Learning from Critiquing

Judging others’ writing helps your own.Andy Scheer 2014 12 16 crop

by Andy Scheer

This morning I critiqued nine magazine articles. In the next few days, I need to evaluate another fifty-three.

In judging a national contest, I hope to offer writers and editors specific suggestions so they can improve their craft. In exchange I’ll get a modest honorarium. But I’ll receive a bigger benefit the entrants may not realize.

[cryout-pullquote align=”left|center|right” textalign=”left|center|right” width=”33%”]As I’m forced to analyze individual components, I see things I’d miss if I were just reading. [/cryout-pullquote]

As I’m forced to analyze individual components, I see things I’d miss if I were just reading. As I search for what worked and what didn’t, I also learn about the craft. I’m reminded why certain techniques shine and others fail. I find examples worth following.

I can’t simply give a thumbs-up or thumbs-down. My score comes from weighing five elements. For each article, I have to judge:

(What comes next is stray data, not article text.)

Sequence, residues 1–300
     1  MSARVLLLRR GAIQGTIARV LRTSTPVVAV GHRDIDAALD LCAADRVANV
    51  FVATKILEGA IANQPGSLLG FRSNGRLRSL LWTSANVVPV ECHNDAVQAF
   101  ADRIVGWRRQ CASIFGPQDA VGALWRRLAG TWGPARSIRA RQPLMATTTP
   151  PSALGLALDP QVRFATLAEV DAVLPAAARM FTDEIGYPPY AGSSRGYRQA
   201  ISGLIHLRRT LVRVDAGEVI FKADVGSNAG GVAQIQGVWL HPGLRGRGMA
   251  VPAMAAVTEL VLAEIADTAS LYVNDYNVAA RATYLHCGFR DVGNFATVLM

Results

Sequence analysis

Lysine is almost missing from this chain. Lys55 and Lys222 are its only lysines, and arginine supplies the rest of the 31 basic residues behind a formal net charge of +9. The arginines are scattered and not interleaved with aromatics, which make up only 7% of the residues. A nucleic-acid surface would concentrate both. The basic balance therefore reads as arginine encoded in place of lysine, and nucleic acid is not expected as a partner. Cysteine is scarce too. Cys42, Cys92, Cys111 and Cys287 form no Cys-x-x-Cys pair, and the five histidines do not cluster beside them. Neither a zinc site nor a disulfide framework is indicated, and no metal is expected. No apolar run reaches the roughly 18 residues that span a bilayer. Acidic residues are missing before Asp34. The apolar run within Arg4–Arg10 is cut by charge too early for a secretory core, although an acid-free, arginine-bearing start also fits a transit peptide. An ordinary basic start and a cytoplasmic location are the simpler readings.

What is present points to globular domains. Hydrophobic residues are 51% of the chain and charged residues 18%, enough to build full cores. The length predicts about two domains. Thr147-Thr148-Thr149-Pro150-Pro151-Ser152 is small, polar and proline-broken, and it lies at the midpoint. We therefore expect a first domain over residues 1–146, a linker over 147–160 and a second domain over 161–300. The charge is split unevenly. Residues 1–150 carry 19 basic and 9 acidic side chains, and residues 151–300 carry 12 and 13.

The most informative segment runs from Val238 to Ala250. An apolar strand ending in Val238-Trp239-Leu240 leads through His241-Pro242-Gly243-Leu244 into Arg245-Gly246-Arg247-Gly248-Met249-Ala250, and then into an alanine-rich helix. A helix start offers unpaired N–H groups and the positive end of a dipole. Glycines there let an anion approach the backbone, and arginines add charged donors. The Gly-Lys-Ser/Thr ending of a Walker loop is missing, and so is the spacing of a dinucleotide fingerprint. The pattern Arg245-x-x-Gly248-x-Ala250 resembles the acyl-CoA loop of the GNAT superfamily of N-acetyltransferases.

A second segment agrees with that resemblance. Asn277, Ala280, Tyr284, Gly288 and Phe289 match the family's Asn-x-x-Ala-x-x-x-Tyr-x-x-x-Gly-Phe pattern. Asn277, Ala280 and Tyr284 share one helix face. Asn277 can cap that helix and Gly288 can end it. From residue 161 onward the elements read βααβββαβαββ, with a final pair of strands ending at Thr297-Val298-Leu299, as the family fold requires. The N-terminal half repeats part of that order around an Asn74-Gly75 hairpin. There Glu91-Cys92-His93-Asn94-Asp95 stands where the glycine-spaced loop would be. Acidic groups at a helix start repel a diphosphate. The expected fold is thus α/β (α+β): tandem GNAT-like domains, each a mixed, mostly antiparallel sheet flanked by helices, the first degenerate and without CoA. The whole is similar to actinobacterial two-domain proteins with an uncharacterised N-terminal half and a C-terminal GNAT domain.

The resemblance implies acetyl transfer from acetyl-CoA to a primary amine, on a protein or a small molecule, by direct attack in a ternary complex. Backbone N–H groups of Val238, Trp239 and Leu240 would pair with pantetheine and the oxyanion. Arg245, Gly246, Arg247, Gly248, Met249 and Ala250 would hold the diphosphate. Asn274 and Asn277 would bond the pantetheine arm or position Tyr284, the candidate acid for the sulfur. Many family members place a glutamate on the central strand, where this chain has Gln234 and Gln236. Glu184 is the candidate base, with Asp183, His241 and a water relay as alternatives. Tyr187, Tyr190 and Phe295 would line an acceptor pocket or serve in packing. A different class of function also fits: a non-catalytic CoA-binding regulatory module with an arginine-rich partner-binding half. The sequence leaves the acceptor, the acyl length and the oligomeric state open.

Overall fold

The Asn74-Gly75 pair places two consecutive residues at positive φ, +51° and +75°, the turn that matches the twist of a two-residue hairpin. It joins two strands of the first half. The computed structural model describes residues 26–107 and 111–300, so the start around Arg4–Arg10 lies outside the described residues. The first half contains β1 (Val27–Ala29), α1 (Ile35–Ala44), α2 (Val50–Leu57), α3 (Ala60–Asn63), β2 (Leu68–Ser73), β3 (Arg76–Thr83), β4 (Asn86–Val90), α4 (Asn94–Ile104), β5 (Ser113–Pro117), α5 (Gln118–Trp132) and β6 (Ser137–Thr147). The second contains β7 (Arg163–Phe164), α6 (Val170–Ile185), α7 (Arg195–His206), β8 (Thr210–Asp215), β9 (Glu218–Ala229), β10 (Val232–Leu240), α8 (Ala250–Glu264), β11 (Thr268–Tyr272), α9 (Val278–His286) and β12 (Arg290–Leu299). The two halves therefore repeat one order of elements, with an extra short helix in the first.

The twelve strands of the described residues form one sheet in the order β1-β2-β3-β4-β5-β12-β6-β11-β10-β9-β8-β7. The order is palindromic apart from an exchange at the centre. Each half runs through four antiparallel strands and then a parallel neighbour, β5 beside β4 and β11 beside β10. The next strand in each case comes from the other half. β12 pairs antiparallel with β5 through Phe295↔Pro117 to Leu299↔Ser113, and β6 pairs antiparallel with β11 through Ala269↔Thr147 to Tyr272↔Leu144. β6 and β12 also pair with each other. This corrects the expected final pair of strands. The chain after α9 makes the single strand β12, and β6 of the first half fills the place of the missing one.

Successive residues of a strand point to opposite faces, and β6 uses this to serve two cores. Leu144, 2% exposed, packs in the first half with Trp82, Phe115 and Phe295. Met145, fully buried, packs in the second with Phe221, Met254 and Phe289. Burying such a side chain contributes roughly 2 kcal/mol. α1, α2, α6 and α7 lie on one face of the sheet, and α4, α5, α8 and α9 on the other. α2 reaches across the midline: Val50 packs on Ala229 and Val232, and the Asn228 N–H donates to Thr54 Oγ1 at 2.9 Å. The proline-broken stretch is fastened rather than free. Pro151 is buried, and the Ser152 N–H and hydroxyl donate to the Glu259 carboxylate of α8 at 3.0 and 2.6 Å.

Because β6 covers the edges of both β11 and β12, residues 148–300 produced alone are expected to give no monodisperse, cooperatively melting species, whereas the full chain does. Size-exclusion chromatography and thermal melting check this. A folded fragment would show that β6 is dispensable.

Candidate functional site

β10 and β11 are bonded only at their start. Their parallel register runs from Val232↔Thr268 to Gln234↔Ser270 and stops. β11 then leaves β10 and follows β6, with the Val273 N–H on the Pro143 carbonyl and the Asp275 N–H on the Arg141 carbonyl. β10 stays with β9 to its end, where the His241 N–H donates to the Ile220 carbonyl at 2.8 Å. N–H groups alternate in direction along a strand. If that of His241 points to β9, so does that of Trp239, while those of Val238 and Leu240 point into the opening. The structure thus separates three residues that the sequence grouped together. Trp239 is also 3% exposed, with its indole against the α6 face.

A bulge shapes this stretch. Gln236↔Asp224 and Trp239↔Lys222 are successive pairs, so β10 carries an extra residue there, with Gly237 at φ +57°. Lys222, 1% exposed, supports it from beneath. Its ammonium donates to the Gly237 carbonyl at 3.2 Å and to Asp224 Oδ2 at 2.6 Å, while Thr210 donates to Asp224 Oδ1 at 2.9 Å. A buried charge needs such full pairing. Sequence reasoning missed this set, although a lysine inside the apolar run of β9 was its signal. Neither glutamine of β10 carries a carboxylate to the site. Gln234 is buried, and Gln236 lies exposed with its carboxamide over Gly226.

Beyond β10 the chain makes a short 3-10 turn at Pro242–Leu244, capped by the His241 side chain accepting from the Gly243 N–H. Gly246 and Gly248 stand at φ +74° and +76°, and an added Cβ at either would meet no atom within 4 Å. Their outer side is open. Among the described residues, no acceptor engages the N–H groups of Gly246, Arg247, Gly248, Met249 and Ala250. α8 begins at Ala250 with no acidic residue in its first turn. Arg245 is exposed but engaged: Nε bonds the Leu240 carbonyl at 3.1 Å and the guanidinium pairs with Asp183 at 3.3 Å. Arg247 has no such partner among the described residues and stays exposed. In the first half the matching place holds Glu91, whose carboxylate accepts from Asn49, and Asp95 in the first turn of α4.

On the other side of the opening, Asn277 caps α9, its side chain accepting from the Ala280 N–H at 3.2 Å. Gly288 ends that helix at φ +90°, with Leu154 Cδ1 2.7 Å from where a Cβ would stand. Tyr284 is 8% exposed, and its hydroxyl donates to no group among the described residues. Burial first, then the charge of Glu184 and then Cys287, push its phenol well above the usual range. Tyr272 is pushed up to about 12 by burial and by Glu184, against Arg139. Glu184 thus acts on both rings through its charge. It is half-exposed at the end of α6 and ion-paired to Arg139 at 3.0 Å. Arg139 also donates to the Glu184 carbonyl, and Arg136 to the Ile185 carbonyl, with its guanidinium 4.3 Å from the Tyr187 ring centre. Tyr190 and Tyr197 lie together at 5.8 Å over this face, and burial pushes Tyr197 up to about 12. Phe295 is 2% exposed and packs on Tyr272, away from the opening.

1) The idea (timeliness, appeal)
2) Effective development of idea
3) Writing style
4) Use of imagery/emotion
5) Originality of treatment

I’m also expected to make comments – offering examples for all five of where and why they succeeded or missed the mark. That means I need to pore over each piece.

If you’re reading this, I hope you participate in a critique group. As you do, please take full advantage of the opportunity.

Yes, the other writers can learn from your comments. But that’s the tip of the iceberg.

As for me, I hope the next fifty-three entries prove as valuable as the first.

About Andy Scheer

With more than 30 years in publishing, Andy Scheer has provided freelance editorial services since 2010. He has edited fiction and nonfiction for publishers including Moody, WinePress, and BelieversPress, as well as for clients including Dirk Cussler, McNair Wilson, DiAnn Mills, Heather Day Gilbert, and Sammy Tippit.

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